At some point last month, I put down William Gibson’s newest tome and picked up something written by Victor Davis Hanson. I am only now getting back to Spook Country, and though I’m afraid that I know exactly where Gibson is going with this, I found his idea of this country being in a “cold civil war” to be fascinating. What would that entail, exactly? A cold war is a war without conflict, defined in one of several online dictionaries as “[a] state of rivalry and tension between two factions, groups, or individuals that stops short of open, violent confrontation.” In that respect, is the current political climate one of “cold civil war”? I think arguments could be made to that effect. My mother, not much of a political enthusiast, has made similar assessments since the 2000 election, concerned that the political climate (which has become increasingly acrimonious in the last 7 years) would indeed lead to some sort of lukewarm civil war–not hot, not cold, just divisive and destructive. Seven years ago, I laughed off her fears, secure in my naivete.Now, I’m not so sure.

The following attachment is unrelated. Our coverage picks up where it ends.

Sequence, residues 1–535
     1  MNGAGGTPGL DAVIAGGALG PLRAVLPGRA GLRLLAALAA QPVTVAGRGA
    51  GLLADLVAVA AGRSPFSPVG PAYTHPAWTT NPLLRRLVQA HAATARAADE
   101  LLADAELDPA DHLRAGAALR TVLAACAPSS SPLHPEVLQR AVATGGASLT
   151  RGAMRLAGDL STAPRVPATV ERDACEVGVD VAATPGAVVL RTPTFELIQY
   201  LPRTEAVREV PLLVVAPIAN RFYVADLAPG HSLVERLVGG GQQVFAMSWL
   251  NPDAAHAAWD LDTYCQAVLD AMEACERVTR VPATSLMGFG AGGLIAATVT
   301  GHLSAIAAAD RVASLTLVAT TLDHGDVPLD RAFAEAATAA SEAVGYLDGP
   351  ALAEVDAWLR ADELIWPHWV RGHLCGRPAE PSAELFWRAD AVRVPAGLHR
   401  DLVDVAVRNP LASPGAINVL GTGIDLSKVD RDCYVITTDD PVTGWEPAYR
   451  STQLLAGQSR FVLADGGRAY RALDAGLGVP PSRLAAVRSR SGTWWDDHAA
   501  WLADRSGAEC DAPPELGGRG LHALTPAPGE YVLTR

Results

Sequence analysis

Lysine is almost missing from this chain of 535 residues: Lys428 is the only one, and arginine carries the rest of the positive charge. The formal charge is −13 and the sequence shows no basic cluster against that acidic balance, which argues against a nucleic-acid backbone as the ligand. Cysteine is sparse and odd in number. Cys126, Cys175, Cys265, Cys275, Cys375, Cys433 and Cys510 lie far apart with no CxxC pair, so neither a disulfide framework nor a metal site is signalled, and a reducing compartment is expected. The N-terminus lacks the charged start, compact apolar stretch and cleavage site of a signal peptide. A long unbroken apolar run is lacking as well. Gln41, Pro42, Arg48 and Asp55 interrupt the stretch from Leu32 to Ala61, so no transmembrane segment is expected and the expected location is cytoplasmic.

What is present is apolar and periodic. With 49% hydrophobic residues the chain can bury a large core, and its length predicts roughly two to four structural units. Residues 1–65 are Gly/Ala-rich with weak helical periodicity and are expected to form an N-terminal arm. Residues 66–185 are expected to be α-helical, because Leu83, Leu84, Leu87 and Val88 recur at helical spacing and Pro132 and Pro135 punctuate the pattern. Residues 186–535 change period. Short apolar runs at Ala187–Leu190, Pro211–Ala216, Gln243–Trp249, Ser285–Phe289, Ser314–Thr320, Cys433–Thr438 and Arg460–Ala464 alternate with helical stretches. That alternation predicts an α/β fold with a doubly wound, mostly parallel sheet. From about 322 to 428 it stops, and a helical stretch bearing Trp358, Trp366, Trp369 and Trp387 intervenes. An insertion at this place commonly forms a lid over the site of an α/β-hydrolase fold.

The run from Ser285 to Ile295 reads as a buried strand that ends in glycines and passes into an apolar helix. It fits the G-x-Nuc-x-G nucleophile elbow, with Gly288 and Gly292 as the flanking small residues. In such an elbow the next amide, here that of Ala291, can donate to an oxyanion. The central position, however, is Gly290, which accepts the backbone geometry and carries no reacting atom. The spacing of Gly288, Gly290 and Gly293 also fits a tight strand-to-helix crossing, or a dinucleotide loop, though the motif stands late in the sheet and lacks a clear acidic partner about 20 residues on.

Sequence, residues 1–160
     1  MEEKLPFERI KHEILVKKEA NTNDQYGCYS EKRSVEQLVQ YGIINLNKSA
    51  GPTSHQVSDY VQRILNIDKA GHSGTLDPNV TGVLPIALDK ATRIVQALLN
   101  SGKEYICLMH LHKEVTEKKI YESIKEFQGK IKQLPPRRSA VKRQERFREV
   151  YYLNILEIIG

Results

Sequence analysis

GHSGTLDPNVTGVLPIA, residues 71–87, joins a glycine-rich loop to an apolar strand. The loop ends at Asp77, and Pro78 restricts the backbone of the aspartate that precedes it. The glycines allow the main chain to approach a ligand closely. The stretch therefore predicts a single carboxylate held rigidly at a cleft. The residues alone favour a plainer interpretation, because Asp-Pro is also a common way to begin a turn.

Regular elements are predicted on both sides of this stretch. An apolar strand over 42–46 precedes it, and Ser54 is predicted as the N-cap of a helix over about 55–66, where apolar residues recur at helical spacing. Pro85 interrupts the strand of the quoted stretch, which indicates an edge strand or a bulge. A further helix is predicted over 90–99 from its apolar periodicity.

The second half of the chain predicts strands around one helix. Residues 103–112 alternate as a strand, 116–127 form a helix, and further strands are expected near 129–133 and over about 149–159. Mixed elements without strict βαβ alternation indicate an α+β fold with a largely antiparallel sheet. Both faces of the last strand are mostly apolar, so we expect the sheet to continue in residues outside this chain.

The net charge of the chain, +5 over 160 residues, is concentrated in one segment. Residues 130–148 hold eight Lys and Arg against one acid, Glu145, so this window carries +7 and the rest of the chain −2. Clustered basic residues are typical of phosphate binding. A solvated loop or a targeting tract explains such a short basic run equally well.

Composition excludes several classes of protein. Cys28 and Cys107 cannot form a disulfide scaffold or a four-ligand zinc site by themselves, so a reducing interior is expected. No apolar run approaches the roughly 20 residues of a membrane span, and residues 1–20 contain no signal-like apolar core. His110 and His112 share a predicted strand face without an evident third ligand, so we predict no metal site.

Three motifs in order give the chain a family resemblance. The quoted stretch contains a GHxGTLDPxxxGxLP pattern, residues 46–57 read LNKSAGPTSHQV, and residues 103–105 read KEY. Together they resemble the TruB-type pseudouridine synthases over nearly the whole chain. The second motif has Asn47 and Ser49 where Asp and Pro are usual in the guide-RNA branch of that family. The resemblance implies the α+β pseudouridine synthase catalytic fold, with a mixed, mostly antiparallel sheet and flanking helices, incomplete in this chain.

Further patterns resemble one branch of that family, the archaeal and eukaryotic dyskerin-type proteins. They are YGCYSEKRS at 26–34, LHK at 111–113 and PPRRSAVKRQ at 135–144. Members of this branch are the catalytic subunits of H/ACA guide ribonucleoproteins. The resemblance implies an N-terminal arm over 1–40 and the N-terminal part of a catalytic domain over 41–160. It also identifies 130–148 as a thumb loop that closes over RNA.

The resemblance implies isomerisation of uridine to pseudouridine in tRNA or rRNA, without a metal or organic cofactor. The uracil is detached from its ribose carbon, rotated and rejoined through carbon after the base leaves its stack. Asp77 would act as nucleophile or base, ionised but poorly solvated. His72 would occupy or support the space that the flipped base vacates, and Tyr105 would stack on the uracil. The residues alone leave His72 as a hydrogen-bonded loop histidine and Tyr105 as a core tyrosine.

There are certain elements within this country that would rather see our country fail and possibly fall than to see their political rivals succeed. It’s this sort of petty, short-sighted partisan bickering that will metastasize and bring down empires–or benevolent democratic hyperpowers.
Tread carefully, folks.
In his Bleat tonight, James Lileks wrote:
This is what annoys me to no end about the 60s, to cram it all into a tidy convenient decade; the overculture and the underculture ganged up on the great Middle, for different reasons but with equal gusto. The Middle was Crass, in the eyes of the overculture; Phony, in the eyes of the underculture.
And of course, as David Frum has written, the sixties were really the vanguard, the early warning detector of the looming culture war, which rages–if a “cold civil war” can be said to rage — to this day.